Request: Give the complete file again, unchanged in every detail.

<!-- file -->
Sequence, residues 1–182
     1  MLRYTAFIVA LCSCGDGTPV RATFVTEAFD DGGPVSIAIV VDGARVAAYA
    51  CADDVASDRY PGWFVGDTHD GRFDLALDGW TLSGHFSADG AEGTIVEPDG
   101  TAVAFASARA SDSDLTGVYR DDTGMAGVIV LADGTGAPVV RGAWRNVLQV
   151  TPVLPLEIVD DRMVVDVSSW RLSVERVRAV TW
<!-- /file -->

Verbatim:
Sequence, residues 1–182
     1  MLRYTAFIVA LCSCGDGTPV RATFVTEAFD DGGPVSIAIV VDGARVAAYA
    51  CADDVASDRY PGWFVGDTHD GRFDLALDGW TLSGHFSADG AEGTIVEPDG
   101  TAVAFASARA SDSDLTGVYR DDTGMAGVIV LADGTGAPVV RGAWRNVLQV
   151  TPVLPLEIVD DRMVVDVSSW RLSVERVRAV TW